Spring 2020: On Shore and Sea
Performed as part of Sullivan with Sullivan: An evening of Folly and Inspiration!.
And Now for Something Completely Different -or- What Exactly is On Shore and Sea?
One of the two works OMP will be performing for its Spring 2020 show will be On Shore and Sea (OSAS), a dramatic cantata by Arthur Sullivan, with libretto by Tom Taylor. OMP has never done this work before, and thus it is completely different for us and our audiences; but it also differs in a number of ways from the kind of works OMP usually performs.
OSAS was composed for the opening of the London International Exhibition in May, 1871, “a celebration intended for the honour and advancement of the Arts of Peace.” This work was conceived and originally performed as a concert work rather than as a staged musical drama. The bare-bones narrative provided by the Argument is only loosely developed in the ten musical numbers. In addition to the chorus, there are two solo roles, who are given only descriptors: La Sposina (A Riviera Woman) and Il Marinajo (A Genoese Sailor). The work is nevertheless quite dramatic and inspiring.
In OSAS, the sailors head out to sea “[t]o brave the storm and to sink the foe,” while the women remain on shore “to watch and weep” until the men’s return. The sailors are captured by the foe and impressed as galley slaves, delaying their expected return and thus raising the women’s anxiety. But the men overcome their captors, seize the ship, and return home. In the words of the Argument, “Re-entering the port, they are welcomed home by their beloved ones; the sorrow of separation is turned to rejoicing, and the Cantata ends with a chorus expressing the blessedness of peace, and inviting all nations to enter this her Temple.”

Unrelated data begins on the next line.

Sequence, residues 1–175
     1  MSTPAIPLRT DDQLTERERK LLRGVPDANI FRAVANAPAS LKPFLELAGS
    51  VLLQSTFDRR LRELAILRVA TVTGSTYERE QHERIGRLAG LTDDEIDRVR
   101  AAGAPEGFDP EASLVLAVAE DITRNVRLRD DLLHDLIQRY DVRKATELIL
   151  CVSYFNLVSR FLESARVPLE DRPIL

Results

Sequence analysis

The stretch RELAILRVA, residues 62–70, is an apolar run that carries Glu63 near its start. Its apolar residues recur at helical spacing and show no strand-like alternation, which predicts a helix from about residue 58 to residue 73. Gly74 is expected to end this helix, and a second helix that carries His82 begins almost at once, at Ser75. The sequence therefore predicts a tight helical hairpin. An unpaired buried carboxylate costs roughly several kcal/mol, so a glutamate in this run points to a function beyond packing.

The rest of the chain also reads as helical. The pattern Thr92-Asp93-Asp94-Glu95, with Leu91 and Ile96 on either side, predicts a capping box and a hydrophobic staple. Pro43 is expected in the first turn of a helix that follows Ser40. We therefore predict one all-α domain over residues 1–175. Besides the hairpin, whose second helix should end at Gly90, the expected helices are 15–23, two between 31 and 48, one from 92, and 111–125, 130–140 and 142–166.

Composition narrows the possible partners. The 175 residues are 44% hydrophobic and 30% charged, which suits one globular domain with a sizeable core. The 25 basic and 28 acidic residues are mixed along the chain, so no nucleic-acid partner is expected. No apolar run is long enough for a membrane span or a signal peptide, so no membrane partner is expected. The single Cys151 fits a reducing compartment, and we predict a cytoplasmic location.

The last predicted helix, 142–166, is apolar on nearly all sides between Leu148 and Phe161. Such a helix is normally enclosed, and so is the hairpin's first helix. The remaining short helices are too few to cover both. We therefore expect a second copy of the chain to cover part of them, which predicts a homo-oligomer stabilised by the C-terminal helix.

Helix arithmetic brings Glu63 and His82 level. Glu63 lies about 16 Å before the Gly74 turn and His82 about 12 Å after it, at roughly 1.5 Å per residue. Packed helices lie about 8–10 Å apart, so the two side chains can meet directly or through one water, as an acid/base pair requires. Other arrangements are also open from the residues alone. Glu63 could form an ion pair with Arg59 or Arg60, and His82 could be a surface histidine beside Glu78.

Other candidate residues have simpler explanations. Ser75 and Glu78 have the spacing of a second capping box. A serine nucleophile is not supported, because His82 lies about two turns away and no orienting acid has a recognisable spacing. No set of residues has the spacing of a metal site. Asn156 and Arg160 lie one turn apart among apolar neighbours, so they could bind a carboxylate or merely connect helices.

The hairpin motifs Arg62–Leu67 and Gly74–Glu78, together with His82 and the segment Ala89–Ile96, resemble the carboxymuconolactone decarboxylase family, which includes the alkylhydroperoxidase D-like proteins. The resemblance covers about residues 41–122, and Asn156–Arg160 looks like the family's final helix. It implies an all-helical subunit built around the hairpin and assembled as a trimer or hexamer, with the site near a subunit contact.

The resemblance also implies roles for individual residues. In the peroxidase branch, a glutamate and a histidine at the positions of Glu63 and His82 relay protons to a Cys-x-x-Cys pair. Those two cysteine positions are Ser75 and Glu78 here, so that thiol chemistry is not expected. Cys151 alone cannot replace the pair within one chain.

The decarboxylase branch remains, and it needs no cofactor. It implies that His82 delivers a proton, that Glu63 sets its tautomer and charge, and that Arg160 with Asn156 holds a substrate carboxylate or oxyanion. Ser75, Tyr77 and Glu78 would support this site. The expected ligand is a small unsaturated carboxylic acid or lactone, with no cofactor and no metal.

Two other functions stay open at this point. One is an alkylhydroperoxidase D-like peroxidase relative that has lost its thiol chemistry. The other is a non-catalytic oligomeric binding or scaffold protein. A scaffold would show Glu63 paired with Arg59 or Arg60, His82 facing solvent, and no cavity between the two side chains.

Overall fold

The librettist cast the conflict as a clash between Genoese Christians and Muslim Northern Africans in the sixteenth century. He chose this setting “to keep clear of the national susceptibilities, and painful associations connected with recent warfare.” Unfortunately, what passed as politically correct in 1871 sounds tone-deaf at best and offensive at worst to modern ears. To avoid these problems, the director has adapted the libretto for our performance to make it culturally neutral, while preserving the intent of the work to celebrate the Arts of Peace.
We will do a staged performance of OSAS, meaning that we will have costumes, blocking, set pieces, and props; but the overall production design will be quite simple, congruent with the bare-bones, conceptual nature of the work. To enhance dramatic effect, we will add dancers for one number, as well as a small number of supernumeraries to act as the sailors’ captors.
La Sposina is a soprano role. Il Marinajo is a baritone role that might be suitable for some tenors. A large chorus is essential for this work, both men and women. The dancing and supernumerary parts are a good opportunity for people who do not sing or do not want to sing to participate in an OMP show.
Auditions for On Shore and Sea and for our other Spring show – The Zoo – will be held on January 27 and 28, 2020, 7pm-9pm, at Downtown United Presbyterian Church, 121 N. Fitzhugh St., Rochester.
Charlene Beckwith, Terry Benedict, Tracy Burdick, Nan Burgess-Whitman, Liz Burke, Bryan Cody, Audrone Gecas, Ellen Karnisky, Justin Karnisky, Karen Karnisky, Don Kelley, Tamara Kelley, Jordu Kelly-Sutliff, Larry Kiser, Matthew Lehr, Sean Maher, Aaryn Miller, Kathy Moore, Sam Nelson, Charles Palella, Christi Peterson, David Raymond, Taylor Robinson, Laurel Schneiderman, Martin Schneiderman, Ruth Tushingham, Clara Weinert, Albert Young Jr.